“School choice is the civil rights movement of our time,” Mike Long, the President of Parents for Educational Freedom in North Carolina (PEFNC) told the attendees of a School Choice event in North Carolina this week.
Long was speaking to a group at an event held by the John Locke Foundation, a conservative non-profit policy center located in Raleigh.
Dr. Terry Stoops, Vice President for Research and Director of Education Studies at the John Locke Foundation kicked off the event.
“It is fitting that the first day of National School Choice week falls on Martin Luther King day,” said Dr. Stoops.
Stoops went on to cite a quote about school choice from Alveda King, the niece of Dr. Martin Luther King, Jr.:
“Is it moral to tax families, compel their children’s attendance at schools and then give them no choice between teaching methods, religious or secular education, and in other matters?
“Is it consistent to proclaim that meanwhile, America is a nation that prides itself on competition, consumer choice, freedom of religion, and parental responsibility?
I can’t presume to know what my uncle would say about the current debate over school vouchers and choice, but I know what principles he taught and I know that he not only preached but also practiced them.
Martin Luther King, Jr. and his siblings were products of private and public education. In turn, they educated their children in both public and private schools and impressed upon my generation the importance of faith and family in effective schooling. The issue is not what families choose, but rather that they be allowed and empowered to do so.”
Dr. Stoops then introduced Mike Long, the new President of PEFNC.
Long has been involved in education for 35 years and is a former middle school teacher, an AP US History teacher, a high school principal and was the Head of School at the Carmel Christian School in Charlotte, North Carolina.
In addition to his teaching and school administrative experience, Long was also a key figure in the development of legislation in North Carolina for combating teen pregnancy through abstinence.
Long spoke a bit about PEFNC as a non-profit that promotes “quality educational options through parental school choice.” He also stressed that choice includes traditional public schools.
School choice in North Carolina for the 2017-18 school year includes over 1.4 million public school students, 135,798 homeschoolers, 101,775 private school students, and 100,986 public charter school students.
Long’s presentation highlighted that over the last three years, parents in North Carolina had been shifting away from traditional public schools.
2015 and 2018, public district schools in the state saw a drop in enrollment by 1.18% or 23,606 students.
Conversely, public charter schools gained 23,195 students (+30%), homeschools rose by 17,481 students (+15%), and private schools increased by 4,045 students (+4%).
We have to ask, ‘why is that happening?'” Long said.
“I want to share with you a video,” said Long. ” that helps explain the reason why.
The video is the story of how North Carolina’s school choice option radically helped the Bradford family, whose daughter Libby has special needs.
North Carolina’s Special Needs Education Savings Account (ESA) program and the state’s disabilities grant made a dramatic difference for Libby both academically and emotionally.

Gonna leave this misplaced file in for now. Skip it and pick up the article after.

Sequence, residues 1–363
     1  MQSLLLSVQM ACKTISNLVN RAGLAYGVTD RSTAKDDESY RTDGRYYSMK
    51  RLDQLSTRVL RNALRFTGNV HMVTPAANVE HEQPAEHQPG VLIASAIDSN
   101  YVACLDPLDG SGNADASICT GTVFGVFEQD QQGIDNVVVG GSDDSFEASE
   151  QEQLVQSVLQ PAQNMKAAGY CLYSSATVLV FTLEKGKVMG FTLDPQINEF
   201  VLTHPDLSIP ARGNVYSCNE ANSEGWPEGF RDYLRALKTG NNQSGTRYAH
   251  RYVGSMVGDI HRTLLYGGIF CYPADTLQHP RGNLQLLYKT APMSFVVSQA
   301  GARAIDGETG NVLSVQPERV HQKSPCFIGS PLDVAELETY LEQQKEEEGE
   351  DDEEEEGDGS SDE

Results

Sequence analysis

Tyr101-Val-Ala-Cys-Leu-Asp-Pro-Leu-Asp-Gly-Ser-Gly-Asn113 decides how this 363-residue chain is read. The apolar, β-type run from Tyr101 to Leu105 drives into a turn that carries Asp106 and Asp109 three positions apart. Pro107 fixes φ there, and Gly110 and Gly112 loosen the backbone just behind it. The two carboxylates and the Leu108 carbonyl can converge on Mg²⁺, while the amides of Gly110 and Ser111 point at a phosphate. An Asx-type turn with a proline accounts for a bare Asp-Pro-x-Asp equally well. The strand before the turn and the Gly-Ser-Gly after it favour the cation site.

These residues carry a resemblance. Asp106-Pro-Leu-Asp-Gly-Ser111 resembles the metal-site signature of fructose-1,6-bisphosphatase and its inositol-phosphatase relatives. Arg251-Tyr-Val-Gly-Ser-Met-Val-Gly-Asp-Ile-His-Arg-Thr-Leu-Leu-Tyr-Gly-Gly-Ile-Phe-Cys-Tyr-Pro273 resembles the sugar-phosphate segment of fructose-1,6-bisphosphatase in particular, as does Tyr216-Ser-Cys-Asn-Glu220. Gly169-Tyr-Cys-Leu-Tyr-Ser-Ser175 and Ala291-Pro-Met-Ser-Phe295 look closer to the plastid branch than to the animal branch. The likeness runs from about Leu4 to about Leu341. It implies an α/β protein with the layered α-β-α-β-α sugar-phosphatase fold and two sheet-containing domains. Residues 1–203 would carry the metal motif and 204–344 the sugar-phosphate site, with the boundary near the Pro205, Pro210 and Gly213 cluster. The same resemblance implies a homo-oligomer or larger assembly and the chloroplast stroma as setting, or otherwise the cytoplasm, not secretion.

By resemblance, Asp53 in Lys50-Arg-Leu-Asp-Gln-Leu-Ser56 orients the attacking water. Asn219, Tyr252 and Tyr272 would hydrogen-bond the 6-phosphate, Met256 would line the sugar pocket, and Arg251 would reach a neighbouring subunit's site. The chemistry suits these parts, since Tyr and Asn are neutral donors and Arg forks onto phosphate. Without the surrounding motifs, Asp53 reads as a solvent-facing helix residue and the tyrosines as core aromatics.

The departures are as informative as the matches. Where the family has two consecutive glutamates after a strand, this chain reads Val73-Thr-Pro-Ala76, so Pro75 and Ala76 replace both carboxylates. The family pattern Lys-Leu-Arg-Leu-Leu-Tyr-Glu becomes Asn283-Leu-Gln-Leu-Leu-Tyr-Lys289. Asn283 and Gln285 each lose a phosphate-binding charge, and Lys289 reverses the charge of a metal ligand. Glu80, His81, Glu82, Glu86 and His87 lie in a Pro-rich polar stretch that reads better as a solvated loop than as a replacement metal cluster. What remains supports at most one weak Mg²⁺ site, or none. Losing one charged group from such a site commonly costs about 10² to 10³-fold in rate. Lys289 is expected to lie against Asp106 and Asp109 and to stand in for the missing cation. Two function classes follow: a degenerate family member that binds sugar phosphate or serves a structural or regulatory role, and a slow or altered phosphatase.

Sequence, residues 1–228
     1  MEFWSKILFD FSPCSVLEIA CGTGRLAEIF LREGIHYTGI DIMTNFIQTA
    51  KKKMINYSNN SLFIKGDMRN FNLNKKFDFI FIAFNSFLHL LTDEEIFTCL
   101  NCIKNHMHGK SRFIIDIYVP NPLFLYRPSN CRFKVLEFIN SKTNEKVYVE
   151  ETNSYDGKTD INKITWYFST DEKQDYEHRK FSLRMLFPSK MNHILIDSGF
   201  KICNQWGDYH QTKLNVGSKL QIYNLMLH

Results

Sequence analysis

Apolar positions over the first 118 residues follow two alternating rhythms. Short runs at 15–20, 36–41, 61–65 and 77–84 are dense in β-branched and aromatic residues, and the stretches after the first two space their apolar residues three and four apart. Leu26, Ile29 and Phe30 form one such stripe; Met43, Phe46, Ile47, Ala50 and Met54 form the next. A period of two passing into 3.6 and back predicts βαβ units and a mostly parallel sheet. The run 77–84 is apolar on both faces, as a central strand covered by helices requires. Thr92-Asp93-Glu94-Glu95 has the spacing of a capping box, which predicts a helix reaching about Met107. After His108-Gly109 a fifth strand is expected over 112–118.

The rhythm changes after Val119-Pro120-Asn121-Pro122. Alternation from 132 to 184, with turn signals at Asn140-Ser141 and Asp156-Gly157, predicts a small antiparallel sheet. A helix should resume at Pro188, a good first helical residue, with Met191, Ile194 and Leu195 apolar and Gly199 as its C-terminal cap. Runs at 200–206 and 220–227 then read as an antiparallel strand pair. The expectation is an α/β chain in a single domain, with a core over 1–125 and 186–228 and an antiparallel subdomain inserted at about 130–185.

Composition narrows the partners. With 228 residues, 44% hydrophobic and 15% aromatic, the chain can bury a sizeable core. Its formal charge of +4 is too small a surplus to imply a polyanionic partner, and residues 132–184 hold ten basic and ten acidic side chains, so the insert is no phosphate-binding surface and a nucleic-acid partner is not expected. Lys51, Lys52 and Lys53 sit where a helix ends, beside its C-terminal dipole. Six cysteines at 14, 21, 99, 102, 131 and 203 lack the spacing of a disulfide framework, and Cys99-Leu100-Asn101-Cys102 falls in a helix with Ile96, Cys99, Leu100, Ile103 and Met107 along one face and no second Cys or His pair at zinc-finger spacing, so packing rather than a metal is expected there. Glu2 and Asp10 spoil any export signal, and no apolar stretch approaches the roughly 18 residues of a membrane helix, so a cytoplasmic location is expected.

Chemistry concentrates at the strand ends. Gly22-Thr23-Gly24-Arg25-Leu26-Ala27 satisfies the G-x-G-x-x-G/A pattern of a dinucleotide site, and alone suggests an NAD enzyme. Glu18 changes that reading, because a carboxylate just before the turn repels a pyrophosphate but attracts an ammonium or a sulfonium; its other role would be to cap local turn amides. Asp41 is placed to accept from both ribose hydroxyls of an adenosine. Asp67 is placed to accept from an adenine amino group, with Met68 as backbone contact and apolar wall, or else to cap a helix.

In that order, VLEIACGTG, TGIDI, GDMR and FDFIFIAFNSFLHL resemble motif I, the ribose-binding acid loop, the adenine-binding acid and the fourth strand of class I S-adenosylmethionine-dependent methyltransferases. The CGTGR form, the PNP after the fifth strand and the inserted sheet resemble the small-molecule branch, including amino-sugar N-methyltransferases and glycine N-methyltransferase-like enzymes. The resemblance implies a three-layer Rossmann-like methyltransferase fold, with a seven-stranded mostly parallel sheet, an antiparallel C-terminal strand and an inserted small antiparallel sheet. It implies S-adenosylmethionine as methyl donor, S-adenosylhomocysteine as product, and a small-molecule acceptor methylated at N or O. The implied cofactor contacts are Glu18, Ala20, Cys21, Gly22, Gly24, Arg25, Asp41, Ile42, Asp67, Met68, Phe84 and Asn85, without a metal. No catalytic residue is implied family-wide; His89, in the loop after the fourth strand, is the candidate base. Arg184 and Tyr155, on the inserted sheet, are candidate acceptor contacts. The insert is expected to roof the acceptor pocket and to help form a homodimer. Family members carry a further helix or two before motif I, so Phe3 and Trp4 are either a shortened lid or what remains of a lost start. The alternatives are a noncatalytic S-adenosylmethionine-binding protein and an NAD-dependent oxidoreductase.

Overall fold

At the conclusion of the clip, Long remarked that what struck him about what the principal in the video has said is that ‘yes we met the needs of this little girl, but this girl made the difference in our student population and the other kids that are there’.
Long went on to talk about the number one thing parents look for in a school is safety and how schools deal with bullying.
Long described the results of a recent parent survey of around 1,500 parents PEFNC had worked with who had been a part of the North Carolina Opportunity Scholarship Program (OSP).
The OSP is a scholarship program that pays $8,000 a year towards the tuition of the private school chosen by a recipient family. The OSP is for low-income families and certain income thresholds and other criteria must be met in order to qualify. In 2018, over 7,500 students in North Carolina took advantage of the OSP.
97% of parents who took the PEFNC survey were ‘satisified’ or ‘greatly satisfied’ with the school of their choice and 99% said they felt ‘safe’ in the new school of their choice.
North Carolina’s Democratic Governor has consistently taken anti-school choice positions. In one of the many lawsuits Cooper filed against the General Assembly he snuck in a provision that tried to block OSP funding, claiming it violated the state constitution.
In response to Governor Cooper’s action, PEFNC filed an Amicus Brief and an affidavit filed by the former PEFNC President, Darrell Allison. Cooper’s attempt failed with the court ruling that the program’s funding was constitutional.
Another area Long covered was the economic benefits of school choice.
Studies have shown that families are willing to travel large distances to attend a particular school or have often moved just to be in close proximity to a school they want their child to attend.
That movement has ripple effects, whereby business and industry also benefit from being in proximity to schools that families find desirable.
Watch PEFNC’s President Mike Long’s full remarks:
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A.P. Dillon is the North Carolina Bureau Chief for The Tennesee Star and a reporter at Battleground State News. Follow A.P. Dillon on Twitter. Email Tips to APDillon.News@gmail.com.
Photo “Mike Long” by John Locke Foundation.